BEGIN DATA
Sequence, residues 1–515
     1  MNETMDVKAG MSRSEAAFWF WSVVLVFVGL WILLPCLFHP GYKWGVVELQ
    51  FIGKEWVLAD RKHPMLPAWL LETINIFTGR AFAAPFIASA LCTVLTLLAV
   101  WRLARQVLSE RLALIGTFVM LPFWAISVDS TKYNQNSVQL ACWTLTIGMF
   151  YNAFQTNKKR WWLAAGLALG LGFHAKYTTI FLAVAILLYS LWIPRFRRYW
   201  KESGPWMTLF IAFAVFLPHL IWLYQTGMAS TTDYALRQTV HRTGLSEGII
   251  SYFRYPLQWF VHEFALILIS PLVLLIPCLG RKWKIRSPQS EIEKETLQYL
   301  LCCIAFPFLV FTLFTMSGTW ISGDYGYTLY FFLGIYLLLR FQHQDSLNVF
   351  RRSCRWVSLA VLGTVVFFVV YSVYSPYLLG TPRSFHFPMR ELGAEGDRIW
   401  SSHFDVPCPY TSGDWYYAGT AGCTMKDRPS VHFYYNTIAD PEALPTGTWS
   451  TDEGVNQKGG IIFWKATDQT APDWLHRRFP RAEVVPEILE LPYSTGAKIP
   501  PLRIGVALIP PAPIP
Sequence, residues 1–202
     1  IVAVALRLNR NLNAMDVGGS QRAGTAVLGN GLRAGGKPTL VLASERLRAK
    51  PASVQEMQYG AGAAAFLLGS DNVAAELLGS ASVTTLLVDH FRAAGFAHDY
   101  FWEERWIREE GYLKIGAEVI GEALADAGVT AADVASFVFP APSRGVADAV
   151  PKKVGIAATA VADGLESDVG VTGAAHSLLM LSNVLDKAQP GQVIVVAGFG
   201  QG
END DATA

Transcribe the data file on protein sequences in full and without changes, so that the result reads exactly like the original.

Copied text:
Sequence, residues 1–515
     1  MNETMDVKAG MSRSEAAFWF WSVVLVFVGL WILLPCLFHP GYKWGVVELQ
    51  FIGKEWVLAD RKHPMLPAWL LETINIFTGR AFAAPFIASA LCTVLTLLAV
   101  WRLARQVLSE RLALIGTFVM LPFWAISVDS TKYNQNSVQL ACWTLTIGMF
   151  YNAFQTNKKR WWLAAGLALG LGFHAKYTTI FLAVAILLYS LWIPRFRRYW
   201  KESGPWMTLF IAFAVFLPHL IWLYQTGMAS TTDYALRQTV HRTGLSEGII
   251  SYFRYPLQWF VHEFALILIS PLVLLIPCLG RKWKIRSPQS EIEKETLQYL
   301  LCCIAFPFLV FTLFTMSGTW ISGDYGYTLY FFLGIYLLLR FQHQDSLNVF
   351  RRSCRWVSLA VLGTVVFFVV YSVYSPYLLG TPRSFHFPMR ELGAEGDRIW
   401  SSHFDVPCPY TSGDWYYAGT AGCTMKDRPS VHFYYNTIAD PEALPTGTWS
   451  TDEGVNQKGG IIFWKATDQT APDWLHRRFP RAEVVPEILE LPYSTGAKIP
   501  PLRIGVALIP PAPIP
Sequence, residues 1–202
     1  IVAVALRLNR NLNAMDVGGS QRAGTAVLGN GLRAGGKPTL VLASERLRAK
    51  PASVQEMQYG AGAAAFLLGS DNVAAELLGS ASVTTLLVDH FRAAGFAHDY
   101  FWEERWIREE GYLKIGAEVI GEALADAGVT AADVASFVFP APSRGVADAV
   151  PKKVGIAATA VADGLESDVG VTGAAHSLLM LSNVLDKAQP GQVIVVAGFG
   201  QG